Andrew Ladd left Winnipeg earlier this week as a trade saw him re-join the Chicago Blackhawks, a team that he won the Stanley Cup within 2010. Much has been made about the move and the sentiment is generally positive in terms of improving Chicago’s chances to win the Stanley Cup again. While Ladd does add something to Chicago’s depth – in truth he’s a very over-rated player at this point in his career.
Ladd scored 17 goals and tallied 17 assists in 59 games for the Jets this season, averaging .576 points per game. That’s not that great of a tally for a forward and his scoring rate is way down compared to his recent seasons. Last season, for instance, Ladd had .765 points per game, in 2013/14 he had .692 points per game, and in the strike-shortened 2012/13 season, he had almost a point per game. He’s clearly having a bad season, something that I think is getting overlooked.
You can attribute his decline to something to do with Winnipeg or whatever you want, but the bottom line is that Ladd is in a contract year, and he is turning in the worst numbers among his recent seasons. Usually, players don’t hold back in seasons that precede contract negotiations as they need solid numbers fresh in everyone’s mind for salary leverage. Therefore, you have to think that the problem is with Ladd himself, and the trade is a great one for Winnipeg as they dump some salary (they will foot some of Ladd’s bill still) and gain some future prospects.
Ladd could end up flopping in Chi-town, this time, around, but there’s another point of view on the trade that I don’t like. Chicago’s not weak up front, if anywhere they need to bolster their defenses. They already have two premium scoring options in Patrick Kane and Artemi Panarin, the outright leader in NHL scoring and a top-10 scorer respectively.
But on defense, Chicago have given up 151 goals so far this season and, while that’s not exactly egregious, there is more room for improvement on that front. Keeping in mind that the ‘hawks have work to do IN THE REGULAR SEASON still if they want to win the Central Division, the Blackhawks probably would have been better served going out and getting Toronto’s James Reimer – a player that was on the market.
In 32 games, and without great skaters in front of him, Reimer posted an 18th-best league-wide save percentage this season of .918 in Toronto. He would have been a very capable back-up for Corey Crawford, one that could have taken a load off of the Chicago starter in a couple remaining back-to-back situations this season.
One, two, or three points in the tight Central Division could make a huge difference for playoff seeding. In fact, if the division stays tight then there might not be much between first and third place. That is, just a couple points could make the difference between home-ice advantage through two rounds and not having any at all – even in the first round. Looking back a few days, I think Chicago would have been better focusing on improving defense for the balance of the regular season than adding Ladd.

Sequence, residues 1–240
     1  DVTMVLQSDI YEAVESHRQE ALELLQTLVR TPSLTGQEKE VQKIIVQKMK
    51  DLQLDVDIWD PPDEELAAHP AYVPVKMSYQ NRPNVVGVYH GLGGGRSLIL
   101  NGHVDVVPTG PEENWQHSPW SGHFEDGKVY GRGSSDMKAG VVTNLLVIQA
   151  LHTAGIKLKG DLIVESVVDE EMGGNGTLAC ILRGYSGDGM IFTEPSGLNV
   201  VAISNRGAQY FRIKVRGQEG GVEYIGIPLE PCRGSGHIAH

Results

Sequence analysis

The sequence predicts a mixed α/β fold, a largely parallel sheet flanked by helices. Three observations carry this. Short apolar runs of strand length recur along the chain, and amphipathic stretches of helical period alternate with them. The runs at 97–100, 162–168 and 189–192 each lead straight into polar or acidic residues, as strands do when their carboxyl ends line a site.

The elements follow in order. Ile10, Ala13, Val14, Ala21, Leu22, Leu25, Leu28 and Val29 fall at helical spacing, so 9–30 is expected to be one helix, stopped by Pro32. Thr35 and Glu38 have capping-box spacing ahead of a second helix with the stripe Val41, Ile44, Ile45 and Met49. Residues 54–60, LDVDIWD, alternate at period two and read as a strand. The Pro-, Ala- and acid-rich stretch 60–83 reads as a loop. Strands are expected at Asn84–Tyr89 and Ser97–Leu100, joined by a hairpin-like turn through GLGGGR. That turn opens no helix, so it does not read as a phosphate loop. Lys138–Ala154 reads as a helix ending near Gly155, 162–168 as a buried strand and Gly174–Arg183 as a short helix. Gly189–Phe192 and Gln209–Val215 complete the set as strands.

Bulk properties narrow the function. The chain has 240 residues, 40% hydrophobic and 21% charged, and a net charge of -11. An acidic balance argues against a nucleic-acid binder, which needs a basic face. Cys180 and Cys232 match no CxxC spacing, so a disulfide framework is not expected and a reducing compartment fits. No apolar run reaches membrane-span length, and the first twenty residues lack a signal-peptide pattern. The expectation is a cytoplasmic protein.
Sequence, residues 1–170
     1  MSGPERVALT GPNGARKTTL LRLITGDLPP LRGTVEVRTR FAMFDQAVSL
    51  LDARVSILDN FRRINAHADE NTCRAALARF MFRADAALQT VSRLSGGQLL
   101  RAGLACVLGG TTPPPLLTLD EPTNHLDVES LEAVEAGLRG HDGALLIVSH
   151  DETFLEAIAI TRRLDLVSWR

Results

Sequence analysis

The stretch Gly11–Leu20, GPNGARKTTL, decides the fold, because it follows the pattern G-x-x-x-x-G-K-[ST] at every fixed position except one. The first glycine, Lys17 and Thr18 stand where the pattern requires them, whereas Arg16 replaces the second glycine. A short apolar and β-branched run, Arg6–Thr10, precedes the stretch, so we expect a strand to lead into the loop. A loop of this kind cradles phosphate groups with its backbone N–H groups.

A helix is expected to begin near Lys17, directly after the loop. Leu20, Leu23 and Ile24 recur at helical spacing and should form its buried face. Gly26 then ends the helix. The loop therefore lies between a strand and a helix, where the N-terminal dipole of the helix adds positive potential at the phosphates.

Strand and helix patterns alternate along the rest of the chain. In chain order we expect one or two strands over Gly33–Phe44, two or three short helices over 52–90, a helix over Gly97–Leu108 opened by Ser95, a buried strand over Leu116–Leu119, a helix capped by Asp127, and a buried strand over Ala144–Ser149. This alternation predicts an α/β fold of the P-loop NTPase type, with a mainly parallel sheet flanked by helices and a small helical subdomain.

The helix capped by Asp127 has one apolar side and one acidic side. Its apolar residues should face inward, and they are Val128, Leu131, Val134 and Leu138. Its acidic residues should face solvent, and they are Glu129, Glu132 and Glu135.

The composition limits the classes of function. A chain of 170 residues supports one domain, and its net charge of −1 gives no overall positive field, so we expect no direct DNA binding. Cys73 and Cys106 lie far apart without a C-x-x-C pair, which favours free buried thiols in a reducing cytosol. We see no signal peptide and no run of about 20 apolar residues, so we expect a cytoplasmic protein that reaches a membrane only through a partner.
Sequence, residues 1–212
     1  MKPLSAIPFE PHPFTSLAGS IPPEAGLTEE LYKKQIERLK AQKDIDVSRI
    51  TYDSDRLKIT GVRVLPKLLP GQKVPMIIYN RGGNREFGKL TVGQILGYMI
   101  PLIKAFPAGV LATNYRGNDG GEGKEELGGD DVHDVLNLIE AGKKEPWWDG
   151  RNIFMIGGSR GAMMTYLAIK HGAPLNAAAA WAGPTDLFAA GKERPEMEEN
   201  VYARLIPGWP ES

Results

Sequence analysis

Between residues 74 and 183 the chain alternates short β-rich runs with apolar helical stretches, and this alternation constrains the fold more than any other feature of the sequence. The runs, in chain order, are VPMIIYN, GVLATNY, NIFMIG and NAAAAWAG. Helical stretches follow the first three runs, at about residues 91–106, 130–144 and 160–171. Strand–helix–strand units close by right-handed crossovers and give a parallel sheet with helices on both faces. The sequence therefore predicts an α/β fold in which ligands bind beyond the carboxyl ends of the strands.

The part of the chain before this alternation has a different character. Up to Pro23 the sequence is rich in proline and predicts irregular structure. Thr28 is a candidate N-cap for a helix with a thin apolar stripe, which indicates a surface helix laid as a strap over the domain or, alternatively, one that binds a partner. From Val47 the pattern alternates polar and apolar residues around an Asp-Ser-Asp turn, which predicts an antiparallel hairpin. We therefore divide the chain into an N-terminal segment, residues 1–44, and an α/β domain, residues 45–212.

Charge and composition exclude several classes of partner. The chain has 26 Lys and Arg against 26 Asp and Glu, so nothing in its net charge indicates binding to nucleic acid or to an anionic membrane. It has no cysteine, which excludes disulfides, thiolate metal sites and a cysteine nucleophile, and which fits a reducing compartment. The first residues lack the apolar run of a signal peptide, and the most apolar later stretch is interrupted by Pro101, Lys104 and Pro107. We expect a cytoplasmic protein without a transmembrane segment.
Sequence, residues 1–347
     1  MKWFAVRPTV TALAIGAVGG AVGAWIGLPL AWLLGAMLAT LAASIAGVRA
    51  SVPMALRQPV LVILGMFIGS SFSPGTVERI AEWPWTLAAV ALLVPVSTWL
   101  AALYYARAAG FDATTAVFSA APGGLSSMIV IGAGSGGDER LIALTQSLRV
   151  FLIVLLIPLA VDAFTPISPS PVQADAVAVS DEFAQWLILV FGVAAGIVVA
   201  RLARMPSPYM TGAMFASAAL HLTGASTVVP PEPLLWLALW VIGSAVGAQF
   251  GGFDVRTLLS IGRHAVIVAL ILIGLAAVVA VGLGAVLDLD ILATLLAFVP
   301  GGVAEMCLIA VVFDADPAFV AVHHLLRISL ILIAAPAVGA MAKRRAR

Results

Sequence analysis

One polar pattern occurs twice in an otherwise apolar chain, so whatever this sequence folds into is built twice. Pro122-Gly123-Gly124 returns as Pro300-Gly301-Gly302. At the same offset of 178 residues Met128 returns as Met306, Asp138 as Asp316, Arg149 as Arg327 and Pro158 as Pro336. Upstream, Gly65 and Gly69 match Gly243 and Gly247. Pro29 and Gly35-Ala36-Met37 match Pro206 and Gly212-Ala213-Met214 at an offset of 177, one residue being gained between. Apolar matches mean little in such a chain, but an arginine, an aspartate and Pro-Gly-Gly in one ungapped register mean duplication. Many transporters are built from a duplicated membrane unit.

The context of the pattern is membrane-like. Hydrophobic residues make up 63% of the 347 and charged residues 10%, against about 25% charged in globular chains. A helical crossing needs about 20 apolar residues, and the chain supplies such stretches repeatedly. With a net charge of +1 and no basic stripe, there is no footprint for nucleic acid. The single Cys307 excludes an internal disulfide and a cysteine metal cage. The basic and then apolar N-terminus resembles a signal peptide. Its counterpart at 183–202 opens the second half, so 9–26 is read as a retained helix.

San Jose nabbed Reimer instead, and the Sharks do look better for it now. But the real winner thus far in the trading game is Florida. The Panthers plundered Alberta for a couple good role players in Jiri Hudler, formerly of Calgary, and Teddy Purcell, formerly of Edmonton. Hudler’s season hasn’t been his best, but the center still has .660 points per game. Teddy Purcell is about a half-a-point per game right-winger, so there’s some depth added with him.
In the end, a lot of the trade successes will come down to chemistry – a touch-and-go thing in hockey. But for Chicago, I think they should have taken an ‘if it ain’t broke don’t fix it attitude’ on the forward front and pursued better defenses instead. For Florida, I think they had to make a move and that adding the players they got was the right risk to take.
In conclusion, I don’t really think the Ladd trade will burn the Blackhawks as I had them as a major contender even without him. However, I don’t think they did as much as San Jose or Florida did. That said, Florida and San Jose aren’t the clubs that will be in Chicago’s way in the early rounds, unless the Sharks somehow end up facing the ‘hawks as a Wild Card.
Chicago, it should be pointed out, seem more interested in the post-season than the passive Dallas Stars. In a conference that appears to be a showdown, once again, between the ‘hawks and surging Anaheim Ducks, the ‘hawks will have all the experience that’s needed to create a very confident locker room. They look like the toughest out still even if they didn’t make the optimal move this week.